Just be there: How to properly support the eating disordered

“Oh my God, stop it, you’re so skinny!”

No, I’m not.

“You look so thin today, wow, you look great!”

I don’t look thin every day?

“You’re thin, you can eat what you want.”

No, I can’t.

It’s become ingrained in our society to reassure someone at every opportunity that they always look perfect, everything is okay in their mind and looks aren’t all that matter. It’s a sentiment that has become glorified in our pop culture, repeated in countless movies — I’m sure you’re familiar with the “does this dress make me look fat?” scenario — and in our constant flow of entertainment. Of course, I could speak volumes about how the physical attribute of thinness has become our standard of beauty, but just as troubling is our overuse of “thinness” as reassurance to those who suffer from the constant desire to be thin.

I spoke out about my struggles with anorexia and body dysmorphic disorder in October, to overwhelming support. It is a battle that I fight daily, between balancing calories with exercise and maintaining my obligations to school, work and a social life. But daily struggles with these diseases go beyond what many people might realize. An anorexic not only has to deal with both internal and societal pressures to be thin, but with the commonplace language surrounding appearance and body image.

Constantly, anorexics are reassured by friends, family or others that they aren’t fat and they should be happy with their bodies and love themselves. Body positivity is great; it’s what we should strive for. But body positivity does not come from reassuring people they are skinny. Doing so leads to a cyclical train of thought for the eating disordered. It gives them a sense that their efforts to be thin are working, to the detriment of their health, while simultaneously furthering the desire to become thinner in order to continually earn this recognition.

Even worse, telling an anorexic that they need to eat more only causes these cyclical thoughts to persist. Saying “it’s okay to eat that cookie because you’re skinny” allows the eating disordered to feel remorse for their dietary choices — that cookies are inherently bad and should be typically avoided unless one is already skinny — while at the same time feeling rewarded for their outward appearance.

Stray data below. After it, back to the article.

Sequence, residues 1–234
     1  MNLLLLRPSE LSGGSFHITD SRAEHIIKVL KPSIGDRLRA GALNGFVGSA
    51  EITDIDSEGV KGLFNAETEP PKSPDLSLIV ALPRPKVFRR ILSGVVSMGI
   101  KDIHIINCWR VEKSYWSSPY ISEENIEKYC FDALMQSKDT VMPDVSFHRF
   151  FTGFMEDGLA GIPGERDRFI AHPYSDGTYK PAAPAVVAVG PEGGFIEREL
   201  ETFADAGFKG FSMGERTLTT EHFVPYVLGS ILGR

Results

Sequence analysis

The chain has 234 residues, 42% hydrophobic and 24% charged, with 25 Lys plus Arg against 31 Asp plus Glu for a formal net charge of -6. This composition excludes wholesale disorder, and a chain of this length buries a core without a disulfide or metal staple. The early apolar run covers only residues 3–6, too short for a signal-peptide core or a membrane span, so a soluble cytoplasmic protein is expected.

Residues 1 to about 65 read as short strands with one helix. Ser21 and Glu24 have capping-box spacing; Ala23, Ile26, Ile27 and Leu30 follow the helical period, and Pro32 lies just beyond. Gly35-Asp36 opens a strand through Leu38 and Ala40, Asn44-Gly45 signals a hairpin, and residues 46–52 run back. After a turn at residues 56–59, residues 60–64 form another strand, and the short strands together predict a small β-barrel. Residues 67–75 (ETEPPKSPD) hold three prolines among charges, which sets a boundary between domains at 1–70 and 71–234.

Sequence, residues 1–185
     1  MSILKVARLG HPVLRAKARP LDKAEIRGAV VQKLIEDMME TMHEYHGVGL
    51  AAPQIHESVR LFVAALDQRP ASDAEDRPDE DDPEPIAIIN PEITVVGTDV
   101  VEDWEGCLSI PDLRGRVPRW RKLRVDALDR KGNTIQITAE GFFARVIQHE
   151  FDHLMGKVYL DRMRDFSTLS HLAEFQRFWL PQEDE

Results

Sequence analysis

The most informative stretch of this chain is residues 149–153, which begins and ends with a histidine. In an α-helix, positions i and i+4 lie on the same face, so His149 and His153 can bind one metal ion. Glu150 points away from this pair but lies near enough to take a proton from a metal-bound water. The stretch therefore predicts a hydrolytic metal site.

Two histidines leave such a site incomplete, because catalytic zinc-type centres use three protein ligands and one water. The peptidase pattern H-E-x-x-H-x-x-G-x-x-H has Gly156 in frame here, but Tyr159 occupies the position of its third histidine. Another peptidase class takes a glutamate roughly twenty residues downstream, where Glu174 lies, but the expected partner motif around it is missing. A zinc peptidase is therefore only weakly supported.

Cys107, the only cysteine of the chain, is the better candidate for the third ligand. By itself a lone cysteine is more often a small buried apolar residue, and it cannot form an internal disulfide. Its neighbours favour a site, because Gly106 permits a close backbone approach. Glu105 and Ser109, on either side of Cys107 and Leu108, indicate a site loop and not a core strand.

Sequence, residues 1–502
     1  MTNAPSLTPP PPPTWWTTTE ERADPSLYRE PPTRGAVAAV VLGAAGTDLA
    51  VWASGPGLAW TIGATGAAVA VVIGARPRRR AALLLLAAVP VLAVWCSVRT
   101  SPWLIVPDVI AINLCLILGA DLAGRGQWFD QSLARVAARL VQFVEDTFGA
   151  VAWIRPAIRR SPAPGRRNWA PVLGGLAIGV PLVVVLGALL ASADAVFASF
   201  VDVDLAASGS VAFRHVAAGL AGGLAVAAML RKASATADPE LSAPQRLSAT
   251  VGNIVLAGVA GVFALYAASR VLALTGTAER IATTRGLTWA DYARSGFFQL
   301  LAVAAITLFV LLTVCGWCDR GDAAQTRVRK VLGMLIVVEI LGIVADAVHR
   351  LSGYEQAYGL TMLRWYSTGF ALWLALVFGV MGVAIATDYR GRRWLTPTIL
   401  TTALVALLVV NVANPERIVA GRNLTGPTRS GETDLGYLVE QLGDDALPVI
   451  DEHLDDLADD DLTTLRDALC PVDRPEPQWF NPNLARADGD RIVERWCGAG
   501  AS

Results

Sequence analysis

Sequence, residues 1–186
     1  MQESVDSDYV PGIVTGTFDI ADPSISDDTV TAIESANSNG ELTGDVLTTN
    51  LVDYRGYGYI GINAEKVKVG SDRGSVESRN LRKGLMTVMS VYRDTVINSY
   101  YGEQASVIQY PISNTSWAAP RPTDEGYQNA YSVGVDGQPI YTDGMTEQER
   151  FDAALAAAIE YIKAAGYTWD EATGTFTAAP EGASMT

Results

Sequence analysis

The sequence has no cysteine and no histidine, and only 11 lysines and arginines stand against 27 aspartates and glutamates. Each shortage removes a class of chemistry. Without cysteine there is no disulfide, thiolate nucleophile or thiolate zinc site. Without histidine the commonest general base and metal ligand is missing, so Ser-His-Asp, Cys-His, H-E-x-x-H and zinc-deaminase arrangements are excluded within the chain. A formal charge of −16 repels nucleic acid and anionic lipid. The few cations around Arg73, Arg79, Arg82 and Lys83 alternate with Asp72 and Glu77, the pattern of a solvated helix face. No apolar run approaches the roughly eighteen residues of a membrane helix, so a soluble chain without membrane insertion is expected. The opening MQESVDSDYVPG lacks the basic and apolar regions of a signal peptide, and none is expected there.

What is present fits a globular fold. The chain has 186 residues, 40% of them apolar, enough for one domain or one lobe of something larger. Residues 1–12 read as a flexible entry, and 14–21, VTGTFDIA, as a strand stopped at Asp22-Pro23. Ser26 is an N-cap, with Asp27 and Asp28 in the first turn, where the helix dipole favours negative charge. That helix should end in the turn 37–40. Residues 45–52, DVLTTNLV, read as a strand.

In many cases, the notion of “it’s okay; I’m skinny” becomes internalized, leading to a downward spiral in which the eating disordered may binge-eat and then later abstain from eating, or resort to purging or dangerous levels of exercising. It’s all in the “relentless pursuit of thinness and unwillingness to maintain a normal or healthy weight,” as anorexia is defined by the National Association of Anorexia and Associated Disorders (ANAD).

I’ve seen it happen to others. It’s happened to me. It should happen to no one.

It’s ANAD week at the University of Maine, a biannual week hosted by the sisters of Delta Phi Epsilon sorority that promotes body positivity and self-love. Throughout the week, events such as “Mirrorless Monday” and “Feel Good Friday” will attempt to show those who suffer from these diseases that they are not alone and they are beautiful. It will also teach those who watch from afar how to properly support the eating disordered — through recognition of the disease.

It is not enough to tell someone that “it’s okay, you’re skinny.” I argue it’s not enough to even tell someone they are beautiful. Being told those things doesn’t matter to those with eating disorders; those phrases make the eating disordered feel worse. So what should you do?

Listen.

An eating disorder is a telephone call from the brain that there is something wrong. Pick up the phone. For the 30 million people in the United States who suffer from eating disorders, it is not enough to dismiss their cries for help by reassuring them that they’re “skinny.” For those people, the best you can do is offer support on their terms. The best you can do is just be there.

Alan Bennett is a fourth-year journalism student at the University of Maine and Culture Editor at The Maine Campus. His personal interests include food and dining, music, and health and fitness.

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